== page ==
Flannel.com *** MySpace *** Hype Machine

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Melody Gardot

Posted June 13, 2008 By admin

The headline of Melody Gardot’s MySpace page reads simply: “Modern-day dame.” It’s a statement that sums up her music, style and personality in a way that many peers her age (just 23) may not have achieved fully for themselves.

Worrisome Heart‘ is a finger-snapping, soul-stirring, jazzy album that has garnered acclaim from critics and music lovers. It’s a feat that might be unexpected from a woman who has been pursuing music professionally for just three years.

Gardot walks and stands with a cane, wears dark glasses and uses earplugs due to a near-fatal car accident in her late teens. But seeing her and listening to her music, none of that defines who she is as an artist.

The cane becomes an accessory of glamour. The glasses become a trademark of style. And her voice purrs and soars for the appreciation of everyone within earshot.

Gardot has panache in every way. While recording ‘Worrisome Heart,’ here’s how she explained the sound she wanted: “I remember standing in the recording booth and saying to the horn guys, `Can you make it sleazier?’ They said ‘Yeah! Sleazy, man, that’s cool!’

“It may not have been the most musical way to put it, but they knew exactly what I meant!” she laughs.

Worrisome Heart,’ which features 10 Gardot-penned tunes, isn’t what most people would think of as sleaze – it’s elegant, with feeling and just enough brashness to intrigue. But if it is, it’s sleaze with style to burn. Listen to the title track and you’ll understand.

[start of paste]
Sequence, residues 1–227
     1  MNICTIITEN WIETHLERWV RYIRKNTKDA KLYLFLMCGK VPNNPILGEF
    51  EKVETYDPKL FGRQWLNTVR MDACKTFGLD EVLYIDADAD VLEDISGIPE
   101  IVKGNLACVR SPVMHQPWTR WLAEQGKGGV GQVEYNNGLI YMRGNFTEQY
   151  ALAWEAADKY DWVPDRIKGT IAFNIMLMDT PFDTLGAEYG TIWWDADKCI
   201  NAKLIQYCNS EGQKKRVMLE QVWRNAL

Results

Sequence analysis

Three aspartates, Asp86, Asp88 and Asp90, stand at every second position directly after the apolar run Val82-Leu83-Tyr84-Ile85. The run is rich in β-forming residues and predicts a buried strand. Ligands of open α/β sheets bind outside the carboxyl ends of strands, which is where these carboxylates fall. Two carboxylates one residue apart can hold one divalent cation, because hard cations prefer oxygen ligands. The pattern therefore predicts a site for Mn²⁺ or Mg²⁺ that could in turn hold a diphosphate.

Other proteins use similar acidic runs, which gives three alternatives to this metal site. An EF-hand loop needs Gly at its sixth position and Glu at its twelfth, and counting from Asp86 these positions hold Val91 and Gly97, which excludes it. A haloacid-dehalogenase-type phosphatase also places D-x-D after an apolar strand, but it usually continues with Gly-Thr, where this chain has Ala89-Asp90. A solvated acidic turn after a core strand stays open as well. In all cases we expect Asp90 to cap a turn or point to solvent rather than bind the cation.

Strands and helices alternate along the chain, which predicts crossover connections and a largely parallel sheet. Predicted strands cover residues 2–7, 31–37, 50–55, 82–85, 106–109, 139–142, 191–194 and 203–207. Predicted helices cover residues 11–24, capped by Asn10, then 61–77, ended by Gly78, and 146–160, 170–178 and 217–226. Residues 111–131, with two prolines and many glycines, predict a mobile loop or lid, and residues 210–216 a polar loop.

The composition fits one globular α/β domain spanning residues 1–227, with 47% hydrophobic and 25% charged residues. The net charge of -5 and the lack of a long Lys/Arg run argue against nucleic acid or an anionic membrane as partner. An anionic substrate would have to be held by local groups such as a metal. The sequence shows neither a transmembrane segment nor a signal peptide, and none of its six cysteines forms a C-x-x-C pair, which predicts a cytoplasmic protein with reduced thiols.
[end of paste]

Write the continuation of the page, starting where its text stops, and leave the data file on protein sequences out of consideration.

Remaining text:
Melody Gardot.com *** MySpace *** CD’s *** Hype Machine

Singer-songwriter Melody Gardot adds the beautifully smoky vocals and throwback glamour showcased on ‘Worrisome Heart’ to the Sundance Channel’s acclaimed original music series “Live From Abbey Road” on June 26th. She joins other world-class artists performing at the world-famous studio with 2008 Album of the Year winner Herbie Hancock, including Wayne Shorter, Vinnie Colaiuta, Corinne Bailey Rae and Sonya Kitchell.

Having already earned praise from critics and peers, Gardot will undoubtedly win over new fans when they see her performance with Hancock, who considers her to have an “exquisite voice and the apparent spirit of perseverance.” Gardot, now 23, experienced a near-fatal car accident at age 18 and turned to music as part of her therapy. Surprisingly, she has only been performing professionally for the past three years. Her selection by an artist of Hancock’s stature speaks volumes about her vocal talent and sophistication.

Watch Gardot with Herbie Hancock on “Live From Abbey Road” Thursday, June 26th at 10:00pm EST.